There’s an innocence about much of this flick, despite wrongdoings like infidelity lurking in many dark corners.

The movie opens with the voice of Hugh Grant, who turns out to be the Prime Minister of England, over images of arrivals at Heathrow Airport.

“Whenever I get gloomy with the state of the world, I think about the arrivals gate at Heathrow Airport. General opinion’s starting to make out that we live in a world of hatred and greed, but I don’t see that. It seems to me that love is everywhere. Often, it’s not particularly dignified or newsworthy, but it’s always there: fathers and sons, mothers and daughters, husbands and wives, boyfriends, girlfriends, old friends. When the planes hit the Twin Towers, as far as I know, none of the phone calls from the people on board were messages of hate or revenge; they were all messages of love. If you look for it, I’ve got a sneaky feeling you’ll find that love actually is all around.”

Early in the movie, we move to a domestic scene: a mom, Karen (Emma Thompson), talks to her daughter, Daisy (Lulu Popplewell), in the kitchen.

Mom: So what’s this big news, then?

Daisy: [excited] We’ve been given our parts in the Nativity play. And I’m the lobster.

Karen: The lobster?

Daisy: Yeah!

Karen: In the Nativity play?

Daisy: [beaming] Yeah, *first* lobster.

Karen: There was more than one lobster present at the birth of Jesus?

Daisy: Duh.

From that point, we know that silliness will be an essential component of this story.

With its theme of love in all its confusing, betraying, endearing, innocent, unrequited, pure and impure forms, Love Actually explores struggles in relationships. Intimacy, lust, playfulness, tenderness and unselfish devotion are all present.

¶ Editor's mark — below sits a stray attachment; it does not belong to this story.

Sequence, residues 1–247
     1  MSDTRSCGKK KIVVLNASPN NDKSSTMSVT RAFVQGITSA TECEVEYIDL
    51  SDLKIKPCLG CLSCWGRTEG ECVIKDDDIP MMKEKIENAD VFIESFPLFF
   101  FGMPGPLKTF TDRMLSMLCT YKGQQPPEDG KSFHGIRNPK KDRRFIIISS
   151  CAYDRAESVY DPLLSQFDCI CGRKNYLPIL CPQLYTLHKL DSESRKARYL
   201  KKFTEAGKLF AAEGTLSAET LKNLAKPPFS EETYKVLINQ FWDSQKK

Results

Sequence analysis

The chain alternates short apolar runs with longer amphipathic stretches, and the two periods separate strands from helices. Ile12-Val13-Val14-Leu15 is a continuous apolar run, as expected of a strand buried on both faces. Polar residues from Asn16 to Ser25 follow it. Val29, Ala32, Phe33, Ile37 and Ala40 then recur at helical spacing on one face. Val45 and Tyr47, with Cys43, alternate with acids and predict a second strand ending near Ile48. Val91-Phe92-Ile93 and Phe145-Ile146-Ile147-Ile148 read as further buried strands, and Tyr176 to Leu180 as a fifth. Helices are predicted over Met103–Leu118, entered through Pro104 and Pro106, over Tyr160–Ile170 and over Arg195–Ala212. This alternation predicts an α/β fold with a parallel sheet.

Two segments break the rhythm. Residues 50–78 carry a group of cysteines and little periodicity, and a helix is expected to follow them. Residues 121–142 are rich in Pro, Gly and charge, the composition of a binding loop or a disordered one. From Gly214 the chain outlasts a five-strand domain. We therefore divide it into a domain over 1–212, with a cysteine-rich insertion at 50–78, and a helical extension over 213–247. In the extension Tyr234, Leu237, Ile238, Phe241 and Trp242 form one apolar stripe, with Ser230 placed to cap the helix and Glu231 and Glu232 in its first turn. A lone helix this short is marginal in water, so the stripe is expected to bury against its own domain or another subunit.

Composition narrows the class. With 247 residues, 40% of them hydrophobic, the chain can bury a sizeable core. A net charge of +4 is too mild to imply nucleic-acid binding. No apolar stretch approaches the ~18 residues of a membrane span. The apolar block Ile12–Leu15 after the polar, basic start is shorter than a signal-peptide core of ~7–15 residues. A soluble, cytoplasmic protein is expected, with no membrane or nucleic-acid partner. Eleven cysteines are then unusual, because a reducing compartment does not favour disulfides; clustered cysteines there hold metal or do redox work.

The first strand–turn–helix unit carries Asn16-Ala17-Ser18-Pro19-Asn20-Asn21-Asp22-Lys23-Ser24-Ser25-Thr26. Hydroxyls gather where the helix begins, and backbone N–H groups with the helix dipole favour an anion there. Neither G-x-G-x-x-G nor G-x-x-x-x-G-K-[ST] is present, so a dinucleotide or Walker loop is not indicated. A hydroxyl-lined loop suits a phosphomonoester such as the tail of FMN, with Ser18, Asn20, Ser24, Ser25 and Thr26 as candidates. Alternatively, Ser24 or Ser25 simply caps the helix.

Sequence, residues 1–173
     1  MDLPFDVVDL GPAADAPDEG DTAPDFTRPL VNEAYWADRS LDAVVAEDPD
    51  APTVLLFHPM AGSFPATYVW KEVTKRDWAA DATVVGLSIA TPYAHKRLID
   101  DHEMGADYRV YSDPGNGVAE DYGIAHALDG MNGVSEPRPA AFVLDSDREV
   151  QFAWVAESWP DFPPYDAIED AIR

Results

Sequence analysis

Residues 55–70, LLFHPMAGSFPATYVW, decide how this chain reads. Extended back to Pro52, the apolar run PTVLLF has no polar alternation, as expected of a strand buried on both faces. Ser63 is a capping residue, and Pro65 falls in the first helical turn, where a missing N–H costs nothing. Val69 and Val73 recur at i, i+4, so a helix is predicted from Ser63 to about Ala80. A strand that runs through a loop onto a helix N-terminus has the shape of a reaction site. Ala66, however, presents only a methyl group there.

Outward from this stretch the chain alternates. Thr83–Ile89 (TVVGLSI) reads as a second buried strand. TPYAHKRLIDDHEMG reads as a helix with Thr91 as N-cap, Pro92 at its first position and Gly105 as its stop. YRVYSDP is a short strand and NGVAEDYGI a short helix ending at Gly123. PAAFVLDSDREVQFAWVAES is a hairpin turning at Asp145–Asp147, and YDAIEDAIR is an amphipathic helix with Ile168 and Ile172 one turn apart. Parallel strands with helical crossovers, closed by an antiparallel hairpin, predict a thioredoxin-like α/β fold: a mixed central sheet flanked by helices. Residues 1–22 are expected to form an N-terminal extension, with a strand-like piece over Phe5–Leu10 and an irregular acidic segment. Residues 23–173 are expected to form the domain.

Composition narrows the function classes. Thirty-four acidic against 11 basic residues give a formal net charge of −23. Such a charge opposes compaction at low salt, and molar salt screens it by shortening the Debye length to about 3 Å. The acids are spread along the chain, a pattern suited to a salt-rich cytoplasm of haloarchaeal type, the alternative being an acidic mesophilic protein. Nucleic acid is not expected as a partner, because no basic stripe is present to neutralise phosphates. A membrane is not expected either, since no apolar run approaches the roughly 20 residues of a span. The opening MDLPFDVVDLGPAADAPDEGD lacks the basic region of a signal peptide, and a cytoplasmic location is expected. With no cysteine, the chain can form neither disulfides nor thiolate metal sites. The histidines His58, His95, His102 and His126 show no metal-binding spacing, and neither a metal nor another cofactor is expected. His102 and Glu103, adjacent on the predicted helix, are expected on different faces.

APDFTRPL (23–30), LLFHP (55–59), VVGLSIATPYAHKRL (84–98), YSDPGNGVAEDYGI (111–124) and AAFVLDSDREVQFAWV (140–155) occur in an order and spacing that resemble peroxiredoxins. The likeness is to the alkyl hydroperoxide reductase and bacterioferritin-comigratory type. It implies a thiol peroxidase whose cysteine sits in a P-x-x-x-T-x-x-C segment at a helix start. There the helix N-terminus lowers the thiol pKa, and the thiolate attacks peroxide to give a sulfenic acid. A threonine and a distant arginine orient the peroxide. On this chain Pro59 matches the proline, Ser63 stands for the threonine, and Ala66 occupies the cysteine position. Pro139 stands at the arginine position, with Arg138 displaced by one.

The cast is superb. Liam Neeson plays the widowed stepfather Daniel, whose stepson Sam (Thomas Brodie-Sangster) pines over a love interest. Hugh Grant is Prime Minister of Britain. Billy Bob Thornton is the bullying President of the USA. Martin Freeman–you know, Bilbo Baggins–is a shy porn actor. Emma Thompson plays Karen, the wife of adulterous Alan Rickman. You’ll also see Claudia Schiffer and Rowan Atkinson (seriously).

The highlight and most beautiful love in the film is that which blossoms between English-speaking Jamie (Colin Firth) and Portuguese-speaking Aurelia (Lucia Moniz). After Jamie is stilted by his girlfriend who was having an affair with his brother, Jamie, a writer, heads to a summer rental home in Portugal to complete his novel. Aurelia is hired as the housekeeper. Some shared silly experiences and a near-disastrous loss of Jamie’s novel builds an intimacy between them, despite the lack of shared language.